"Professors try to play both sides of an issue regardless of their political ideology, including conservative professors," Leiker said. "One of my favorite professors is a conservative in my 'Political Parties and Pressure Groups' class, a self-pronounced Republican in the political science department."

At DU, Call has organized a law school chapter of Horowitz's group, Students for Academic Freedom, and said there are chapters starting at CU-Boulder, CU-Colorado Springs, Mesa State in Grand Junction and the DU general campus, where 100 students signed up for the initial meeting.

Call, who doubles as chairman of College Republicans at DU and until recently was co-chair of the College Republican National Committee, said Horowitz reimburses expenses for organizing a chapter.

Horowitz said he's not advocating faculty quotas and he downplays that he's pushing for government enforcement. His preference is for universities to adopt his Academic Bill of Rights on their own, he said in an interview with The Denver Post.

Yet the mission statement is much more pointed: "The maximum pressure point for all academic institutions is flow of alumni and government funds that support it. Focus your activities on these vulnerable points ... continue the pressure until the authorities adopt and enforce (the code)."

Said Horowitz: "I've drawn up the Academic Bill of Rights as an idea so any legislator, university president or trustee can say, 'Hey, we've gotten off the track here in respect to these values.' If the state is credentialing and financing schools, shouldn't the state have an interest in the policies of academic freedom and the bill of rights?"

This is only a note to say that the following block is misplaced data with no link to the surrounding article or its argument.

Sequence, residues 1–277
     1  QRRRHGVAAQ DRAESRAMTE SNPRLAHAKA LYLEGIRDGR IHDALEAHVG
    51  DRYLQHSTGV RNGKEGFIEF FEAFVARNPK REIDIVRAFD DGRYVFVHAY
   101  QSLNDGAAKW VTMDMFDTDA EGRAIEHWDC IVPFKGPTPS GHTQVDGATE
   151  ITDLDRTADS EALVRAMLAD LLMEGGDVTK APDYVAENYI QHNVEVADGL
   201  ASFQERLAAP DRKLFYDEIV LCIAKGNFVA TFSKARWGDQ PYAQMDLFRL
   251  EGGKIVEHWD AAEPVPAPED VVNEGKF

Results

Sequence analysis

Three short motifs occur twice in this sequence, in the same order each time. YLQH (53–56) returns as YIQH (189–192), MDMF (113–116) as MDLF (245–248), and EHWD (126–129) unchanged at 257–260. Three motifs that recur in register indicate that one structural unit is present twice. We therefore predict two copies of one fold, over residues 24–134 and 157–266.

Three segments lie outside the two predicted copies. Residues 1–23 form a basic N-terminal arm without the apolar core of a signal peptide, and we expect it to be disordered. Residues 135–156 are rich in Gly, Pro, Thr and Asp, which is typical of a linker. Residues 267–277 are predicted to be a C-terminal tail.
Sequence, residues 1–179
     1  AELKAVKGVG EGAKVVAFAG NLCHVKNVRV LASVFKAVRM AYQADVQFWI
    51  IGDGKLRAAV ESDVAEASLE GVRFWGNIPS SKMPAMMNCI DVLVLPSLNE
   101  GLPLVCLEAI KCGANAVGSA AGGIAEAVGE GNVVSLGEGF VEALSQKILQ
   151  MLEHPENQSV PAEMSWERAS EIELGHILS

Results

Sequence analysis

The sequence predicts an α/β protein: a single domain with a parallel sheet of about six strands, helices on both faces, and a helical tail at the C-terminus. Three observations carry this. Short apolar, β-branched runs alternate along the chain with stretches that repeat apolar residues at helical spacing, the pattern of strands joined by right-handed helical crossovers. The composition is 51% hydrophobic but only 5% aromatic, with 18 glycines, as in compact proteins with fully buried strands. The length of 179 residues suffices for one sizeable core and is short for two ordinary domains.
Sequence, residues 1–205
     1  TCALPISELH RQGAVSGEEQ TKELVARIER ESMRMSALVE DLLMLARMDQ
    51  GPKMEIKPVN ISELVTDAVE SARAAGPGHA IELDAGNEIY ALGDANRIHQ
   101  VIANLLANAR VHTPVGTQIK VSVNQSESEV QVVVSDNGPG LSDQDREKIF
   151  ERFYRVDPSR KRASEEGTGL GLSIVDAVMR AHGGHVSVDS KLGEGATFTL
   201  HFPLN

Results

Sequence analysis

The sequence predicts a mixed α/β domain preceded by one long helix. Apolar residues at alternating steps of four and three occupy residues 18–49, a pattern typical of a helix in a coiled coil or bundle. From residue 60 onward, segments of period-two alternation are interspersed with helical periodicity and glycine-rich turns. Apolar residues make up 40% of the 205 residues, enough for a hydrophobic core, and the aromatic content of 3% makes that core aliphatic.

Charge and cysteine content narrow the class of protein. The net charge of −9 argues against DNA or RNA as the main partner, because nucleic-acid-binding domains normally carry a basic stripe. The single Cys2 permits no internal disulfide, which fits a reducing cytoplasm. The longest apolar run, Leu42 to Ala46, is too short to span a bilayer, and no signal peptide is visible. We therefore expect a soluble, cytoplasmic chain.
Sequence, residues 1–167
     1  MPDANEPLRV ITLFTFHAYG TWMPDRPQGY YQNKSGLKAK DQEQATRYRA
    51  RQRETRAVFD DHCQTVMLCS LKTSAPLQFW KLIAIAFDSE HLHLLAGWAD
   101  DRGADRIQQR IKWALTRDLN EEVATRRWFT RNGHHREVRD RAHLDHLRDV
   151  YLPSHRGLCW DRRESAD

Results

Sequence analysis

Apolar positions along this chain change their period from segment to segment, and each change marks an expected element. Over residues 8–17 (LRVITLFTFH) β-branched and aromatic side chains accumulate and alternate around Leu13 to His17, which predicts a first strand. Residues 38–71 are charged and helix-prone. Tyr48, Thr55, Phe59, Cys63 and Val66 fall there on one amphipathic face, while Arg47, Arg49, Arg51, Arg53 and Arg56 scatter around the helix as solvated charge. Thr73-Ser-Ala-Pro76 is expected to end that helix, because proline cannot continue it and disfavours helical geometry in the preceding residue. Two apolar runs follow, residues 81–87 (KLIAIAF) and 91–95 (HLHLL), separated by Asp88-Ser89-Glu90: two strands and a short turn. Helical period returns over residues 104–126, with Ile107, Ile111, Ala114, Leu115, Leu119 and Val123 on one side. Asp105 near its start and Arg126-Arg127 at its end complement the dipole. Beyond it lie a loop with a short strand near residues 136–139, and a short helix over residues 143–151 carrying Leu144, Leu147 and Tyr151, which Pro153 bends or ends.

Following the code would include assigning books that offer a contrasting view to the oft-assigned "Nickel and Dimed" by Barbara Ehrenreich, an examination of surviving welfare reform with unskilled wages.

"That makes sense to most Americans," Horowitz said. "If you're getting an education you should get all the sides of the story."

If a professor asks Republican students to drop out of his class or if a professor calls a student a neo-Nazi for inviting Oliver North to speak on campus, those professors should be fired, Horowitz said. Both incidents happened recently at Duke University in Durham, N.C., and Augustana College in Sioux Falls, S.D., respectively, Horowitz said.

"That's abuse of the student and the student needs protection," Horowitz said. He said he feels the same if a conservative professor is the offender.

"This is not about a partisan battle," Horowitz said. "Hopefully this will make a more productive discussion in Colorado rather than arguing against red herrings and straw men."

It's not a discussion that the Colorado Commission on Higher Education should get involved in, said commissioner Gully Stanford. "There is not a monolithic position on the CCHE and the commission itself has not given any consideration to this Academic Bill of Rights," said Stanford.

"This is part of a national ideological movement and it's an intellectual virus looking for an unsuspecting host. I don't think it's appropriate for either the legislature or the commission to pursue.

"It's not our job to tip the academic balance," Stanford said. "I don't think anything measurable could be devised (to enforce it) based on further retelling of this urban legend."

Yet academic studies over two centuries have documented the political leanings of faculty are more progressive than the citizenry as a whole, said Knight of the national professors' association.

"This is hardly news," Knight said. "But the link between an individual's political views and his or her academic decisions are very difficult to trace and you have to be careful about broad generalizations.

"It takes a lot of careful connections - if there are any - between political views of faculty on a whole range of issues - war in Iraq, the Middle East or the role of federal government in citizen's lives - and decisions faculty make about grades or what curriculum should be favored or disfavored," Knight said.

"The whole business of the political views of academics can easily slip into simplicity and demagoguery," he said.